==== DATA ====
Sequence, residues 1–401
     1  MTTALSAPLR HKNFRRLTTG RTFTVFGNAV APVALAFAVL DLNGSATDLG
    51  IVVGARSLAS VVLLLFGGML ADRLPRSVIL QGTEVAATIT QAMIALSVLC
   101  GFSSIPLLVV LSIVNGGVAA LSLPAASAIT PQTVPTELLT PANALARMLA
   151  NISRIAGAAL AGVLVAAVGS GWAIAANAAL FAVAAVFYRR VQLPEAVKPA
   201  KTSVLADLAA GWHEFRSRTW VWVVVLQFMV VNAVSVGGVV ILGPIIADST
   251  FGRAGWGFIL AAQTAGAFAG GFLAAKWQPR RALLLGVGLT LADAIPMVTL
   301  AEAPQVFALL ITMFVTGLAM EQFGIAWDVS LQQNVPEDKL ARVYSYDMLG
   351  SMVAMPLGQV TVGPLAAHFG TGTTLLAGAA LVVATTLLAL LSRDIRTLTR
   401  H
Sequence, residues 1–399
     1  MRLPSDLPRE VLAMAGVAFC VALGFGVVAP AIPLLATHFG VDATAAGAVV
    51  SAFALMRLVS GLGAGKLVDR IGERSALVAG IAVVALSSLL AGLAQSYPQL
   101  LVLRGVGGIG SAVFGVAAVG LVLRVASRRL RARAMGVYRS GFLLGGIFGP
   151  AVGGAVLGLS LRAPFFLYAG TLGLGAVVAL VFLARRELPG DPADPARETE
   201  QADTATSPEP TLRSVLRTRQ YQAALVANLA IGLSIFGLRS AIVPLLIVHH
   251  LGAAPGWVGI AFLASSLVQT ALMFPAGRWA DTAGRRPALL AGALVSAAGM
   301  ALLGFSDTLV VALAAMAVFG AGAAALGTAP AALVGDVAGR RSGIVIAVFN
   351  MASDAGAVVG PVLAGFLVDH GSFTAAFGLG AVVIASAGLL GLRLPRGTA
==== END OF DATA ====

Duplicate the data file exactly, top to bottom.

Sequence, residues 1–401
     1  MTTALSAPLR HKNFRRLTTG RTFTVFGNAV APVALAFAVL DLNGSATDLG
    51  IVVGARSLAS VVLLLFGGML ADRLPRSVIL QGTEVAATIT QAMIALSVLC
   101  GFSSIPLLVV LSIVNGGVAA LSLPAASAIT PQTVPTELLT PANALARMLA
   151  NISRIAGAAL AGVLVAAVGS GWAIAANAAL FAVAAVFYRR VQLPEAVKPA
   201  KTSVLADLAA GWHEFRSRTW VWVVVLQFMV VNAVSVGGVV ILGPIIADST
   251  FGRAGWGFIL AAQTAGAFAG GFLAAKWQPR RALLLGVGLT LADAIPMVTL
   301  AEAPQVFALL ITMFVTGLAM EQFGIAWDVS LQQNVPEDKL ARVYSYDMLG
   351  SMVAMPLGQV TVGPLAAHFG TGTTLLAGAA LVVATTLLAL LSRDIRTLTR
   401  H
Sequence, residues 1–399
     1  MRLPSDLPRE VLAMAGVAFC VALGFGVVAP AIPLLATHFG VDATAAGAVV
    51  SAFALMRLVS GLGAGKLVDR IGERSALVAG IAVVALSSLL AGLAQSYPQL
   101  LVLRGVGGIG SAVFGVAAVG LVLRVASRRL RARAMGVYRS GFLLGGIFGP
   151  AVGGAVLGLS LRAPFFLYAG TLGLGAVVAL VFLARRELPG DPADPARETE
   201  QADTATSPEP TLRSVLRTRQ YQAALVANLA IGLSIFGLRS AIVPLLIVHH
   251  LGAAPGWVGI AFLASSLVQT ALMFPAGRWA DTAGRRPALL AGALVSAAGM
   301  ALLGFSDTLV VALAAMAVFG AGAAALGTAP AALVGDVAGR RSGIVIAVFN
   351  MASDAGAVVG PVLAGFLVDH GSFTAAFGLG AVVIASAGLL GLRLPRGTA